Help Desk

Help Desk: Have Art, Will Travel

Help Desk is an arts-advice column that demystifies practices for artists, writers, curators, collectors, patrons, and the general public. Submit your questions anonymously here. All submissions become the property of Daily Serving. Help Desk is co-sponsored by

Help Desk Leader

When is it a good investment to travel for your work? Recently I sold my largest piece yet to a collector out of my studio in Berlin while I was working there. I don’t have an extensive sales record and mostly subsist on grants, fundraising, and a day job. The collector is someone I have just met, but I feel that he has a good understanding of my work and has expressed interest in advocating my work to his friends and professional contacts, i.e., hosting dinners in his home to show the work and putting me in touch with dealers he works with.

I returned to the States shortly after selling the piece but since then have been invited to participate in a group show at a commercial gallery in Berlin that will coincide with an art fair there. I plan to put my work in the show, but I am conflicted over whether or not I should travel for the openings. It’s important to me to maintain good contact with this collector and gallerist, yet it is expensive to fly to Europe to do so. However, part of me thinks this expense is in some ways an investment in what I do and therefore I should do it. I have the money to do it, but it would be very expensive to me. What are your thoughts?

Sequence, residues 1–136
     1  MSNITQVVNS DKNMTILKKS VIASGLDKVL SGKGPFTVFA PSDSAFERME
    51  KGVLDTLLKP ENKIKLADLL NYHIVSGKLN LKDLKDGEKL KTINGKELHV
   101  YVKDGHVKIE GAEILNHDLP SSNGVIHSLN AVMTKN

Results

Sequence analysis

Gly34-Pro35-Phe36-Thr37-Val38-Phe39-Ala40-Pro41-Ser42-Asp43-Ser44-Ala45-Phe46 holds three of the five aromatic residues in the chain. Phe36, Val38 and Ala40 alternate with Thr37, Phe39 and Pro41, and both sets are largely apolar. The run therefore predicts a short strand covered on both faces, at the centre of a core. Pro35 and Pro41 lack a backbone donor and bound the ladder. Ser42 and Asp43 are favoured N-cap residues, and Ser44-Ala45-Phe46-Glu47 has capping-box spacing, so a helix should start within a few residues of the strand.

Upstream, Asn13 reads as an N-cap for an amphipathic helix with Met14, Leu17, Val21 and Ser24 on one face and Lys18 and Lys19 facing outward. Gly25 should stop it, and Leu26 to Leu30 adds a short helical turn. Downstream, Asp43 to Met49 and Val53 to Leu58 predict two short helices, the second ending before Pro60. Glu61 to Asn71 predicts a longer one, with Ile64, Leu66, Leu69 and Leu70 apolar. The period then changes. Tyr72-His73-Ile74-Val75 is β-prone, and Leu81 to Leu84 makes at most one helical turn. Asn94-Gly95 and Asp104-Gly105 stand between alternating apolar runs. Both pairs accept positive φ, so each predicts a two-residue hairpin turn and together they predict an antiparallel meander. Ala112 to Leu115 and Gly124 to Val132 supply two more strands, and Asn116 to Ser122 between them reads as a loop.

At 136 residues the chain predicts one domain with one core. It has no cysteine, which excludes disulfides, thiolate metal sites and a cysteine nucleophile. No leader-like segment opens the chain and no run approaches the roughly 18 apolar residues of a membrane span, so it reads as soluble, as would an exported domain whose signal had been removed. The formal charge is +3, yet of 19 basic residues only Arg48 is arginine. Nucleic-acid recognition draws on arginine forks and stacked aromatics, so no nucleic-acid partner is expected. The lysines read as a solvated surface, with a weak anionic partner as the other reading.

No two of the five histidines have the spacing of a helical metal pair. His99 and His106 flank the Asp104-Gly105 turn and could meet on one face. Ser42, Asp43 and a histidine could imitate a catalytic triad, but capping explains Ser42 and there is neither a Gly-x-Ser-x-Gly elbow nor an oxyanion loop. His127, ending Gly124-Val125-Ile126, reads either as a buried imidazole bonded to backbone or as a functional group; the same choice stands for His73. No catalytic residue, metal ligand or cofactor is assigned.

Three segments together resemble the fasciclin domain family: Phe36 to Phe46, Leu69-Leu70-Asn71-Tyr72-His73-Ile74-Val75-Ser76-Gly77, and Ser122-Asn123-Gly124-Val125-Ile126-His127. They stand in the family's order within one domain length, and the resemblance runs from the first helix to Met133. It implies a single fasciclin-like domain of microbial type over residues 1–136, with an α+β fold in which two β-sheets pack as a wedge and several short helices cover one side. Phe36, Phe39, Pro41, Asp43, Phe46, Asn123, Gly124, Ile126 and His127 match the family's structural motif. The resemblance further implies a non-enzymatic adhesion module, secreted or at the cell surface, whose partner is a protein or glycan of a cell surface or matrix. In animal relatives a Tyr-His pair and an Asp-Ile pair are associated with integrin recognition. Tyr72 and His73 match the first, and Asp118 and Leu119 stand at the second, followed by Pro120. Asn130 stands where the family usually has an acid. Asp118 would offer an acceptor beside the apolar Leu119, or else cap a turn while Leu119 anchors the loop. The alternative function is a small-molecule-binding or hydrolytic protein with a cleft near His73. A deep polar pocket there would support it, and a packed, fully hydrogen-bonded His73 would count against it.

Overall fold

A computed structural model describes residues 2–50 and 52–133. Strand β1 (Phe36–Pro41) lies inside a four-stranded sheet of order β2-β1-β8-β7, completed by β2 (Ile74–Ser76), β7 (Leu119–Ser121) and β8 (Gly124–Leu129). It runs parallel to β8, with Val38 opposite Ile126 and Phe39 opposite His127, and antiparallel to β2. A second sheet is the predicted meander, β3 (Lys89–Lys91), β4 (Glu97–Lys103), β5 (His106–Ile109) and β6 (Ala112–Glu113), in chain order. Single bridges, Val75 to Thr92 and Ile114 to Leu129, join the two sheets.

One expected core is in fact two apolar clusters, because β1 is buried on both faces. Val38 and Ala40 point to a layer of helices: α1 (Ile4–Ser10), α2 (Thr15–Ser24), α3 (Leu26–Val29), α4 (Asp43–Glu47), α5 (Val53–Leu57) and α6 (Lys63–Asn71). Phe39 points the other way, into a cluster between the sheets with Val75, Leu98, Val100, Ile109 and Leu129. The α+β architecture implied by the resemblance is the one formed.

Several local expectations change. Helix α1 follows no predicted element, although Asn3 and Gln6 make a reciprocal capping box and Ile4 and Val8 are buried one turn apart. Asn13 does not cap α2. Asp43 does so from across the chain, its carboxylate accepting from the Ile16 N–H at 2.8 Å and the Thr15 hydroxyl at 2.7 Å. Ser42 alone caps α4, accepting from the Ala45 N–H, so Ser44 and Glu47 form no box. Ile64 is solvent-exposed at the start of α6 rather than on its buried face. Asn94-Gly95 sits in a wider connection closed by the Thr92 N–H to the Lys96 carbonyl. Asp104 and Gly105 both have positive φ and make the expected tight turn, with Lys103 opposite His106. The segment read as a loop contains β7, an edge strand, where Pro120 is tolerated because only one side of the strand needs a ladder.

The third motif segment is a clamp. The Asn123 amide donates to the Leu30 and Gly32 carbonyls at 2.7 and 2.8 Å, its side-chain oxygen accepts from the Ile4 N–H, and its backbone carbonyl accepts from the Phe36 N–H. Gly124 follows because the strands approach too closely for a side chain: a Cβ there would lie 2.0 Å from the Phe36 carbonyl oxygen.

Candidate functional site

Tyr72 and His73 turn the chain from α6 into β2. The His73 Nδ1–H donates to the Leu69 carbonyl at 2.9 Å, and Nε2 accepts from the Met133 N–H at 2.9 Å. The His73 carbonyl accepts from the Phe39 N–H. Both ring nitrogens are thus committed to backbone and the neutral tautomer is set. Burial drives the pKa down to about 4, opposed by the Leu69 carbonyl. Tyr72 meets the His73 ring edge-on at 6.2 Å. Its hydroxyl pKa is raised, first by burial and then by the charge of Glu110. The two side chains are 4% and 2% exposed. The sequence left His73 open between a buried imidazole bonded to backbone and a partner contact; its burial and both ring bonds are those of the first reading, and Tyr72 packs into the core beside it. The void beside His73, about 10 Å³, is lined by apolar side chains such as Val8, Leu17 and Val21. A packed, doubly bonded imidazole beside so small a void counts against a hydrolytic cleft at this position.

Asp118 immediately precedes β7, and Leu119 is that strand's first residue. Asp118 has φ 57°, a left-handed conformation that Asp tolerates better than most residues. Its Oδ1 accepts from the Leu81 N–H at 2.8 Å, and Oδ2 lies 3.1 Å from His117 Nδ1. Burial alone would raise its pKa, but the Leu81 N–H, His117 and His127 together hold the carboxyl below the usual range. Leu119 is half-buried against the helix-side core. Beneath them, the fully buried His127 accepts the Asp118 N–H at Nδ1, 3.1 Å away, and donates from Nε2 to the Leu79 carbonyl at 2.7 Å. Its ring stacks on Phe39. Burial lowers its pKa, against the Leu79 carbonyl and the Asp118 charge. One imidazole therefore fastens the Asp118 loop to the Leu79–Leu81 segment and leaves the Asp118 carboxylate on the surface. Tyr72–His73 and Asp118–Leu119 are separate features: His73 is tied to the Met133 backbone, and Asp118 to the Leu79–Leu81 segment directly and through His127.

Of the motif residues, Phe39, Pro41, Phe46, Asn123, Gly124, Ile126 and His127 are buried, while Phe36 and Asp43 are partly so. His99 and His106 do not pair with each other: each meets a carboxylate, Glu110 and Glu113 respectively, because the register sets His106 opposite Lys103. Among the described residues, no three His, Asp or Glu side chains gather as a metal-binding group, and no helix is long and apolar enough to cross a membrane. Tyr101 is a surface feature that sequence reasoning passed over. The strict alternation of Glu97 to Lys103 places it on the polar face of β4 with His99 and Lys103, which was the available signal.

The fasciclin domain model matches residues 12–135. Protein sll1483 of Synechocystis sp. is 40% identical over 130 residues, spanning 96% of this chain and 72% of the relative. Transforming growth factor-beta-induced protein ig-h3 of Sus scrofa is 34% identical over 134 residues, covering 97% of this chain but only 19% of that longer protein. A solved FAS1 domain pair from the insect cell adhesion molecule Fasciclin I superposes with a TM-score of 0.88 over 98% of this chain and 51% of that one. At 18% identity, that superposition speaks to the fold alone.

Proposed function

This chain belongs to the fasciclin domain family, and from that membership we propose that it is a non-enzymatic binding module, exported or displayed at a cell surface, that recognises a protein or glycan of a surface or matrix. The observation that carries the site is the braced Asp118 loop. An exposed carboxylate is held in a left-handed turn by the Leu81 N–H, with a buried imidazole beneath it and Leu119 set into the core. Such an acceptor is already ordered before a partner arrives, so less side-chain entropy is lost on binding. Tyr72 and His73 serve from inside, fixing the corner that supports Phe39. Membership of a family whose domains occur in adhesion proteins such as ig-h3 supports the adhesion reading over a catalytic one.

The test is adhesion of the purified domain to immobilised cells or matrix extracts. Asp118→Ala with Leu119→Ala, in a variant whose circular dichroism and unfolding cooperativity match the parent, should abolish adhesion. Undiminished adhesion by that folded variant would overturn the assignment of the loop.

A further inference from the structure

Nina Katchadourian. Flight Log, 2010–12; single-channel video, dimensions variable

Nina Katchadourian. Flight Log, 2010–12; single-channel video, dimensions variable

Personally, I love to travel and can’t think of a better way to spend my money, so I’m biased in favor of your going. That said, I think it’s unwise to wipe out your savings or max out your credit cards. What you need is a cost-benefit analysis and a plan to work this scenario in your favor. Start with the cost part: look up the airfare for the dates that you’d be in Berlin and factor in your other transportation costs (bus, metro, taxi). Now add the money that you’d spend on a hotel (if you need one) and three meals a day. Depending on how long you’re going to stay and what kind of lifestyle you have, you’ll probably want to pad your total with another $100+ for taxes and miscellaneous stuff, in case you forget to pack socks or your favorite rash cream. Take that running total and add another sum: your lost wages for the time that you’re gone. Now you’ve got a fairly accurate figure of what it will cost you to go. How can you offset those costs? Well, as you’ve mentioned, you might see future benefits in increased sales, exposure to other collectors in Berlin, and contact with dealers. But given the vagaries of the art market, these are all hard to weigh with any certainty. Let’s consider some of your other options for at least breaking even if not truly coming out ahead—cue RuPaul’s Supermodel (You Better Work).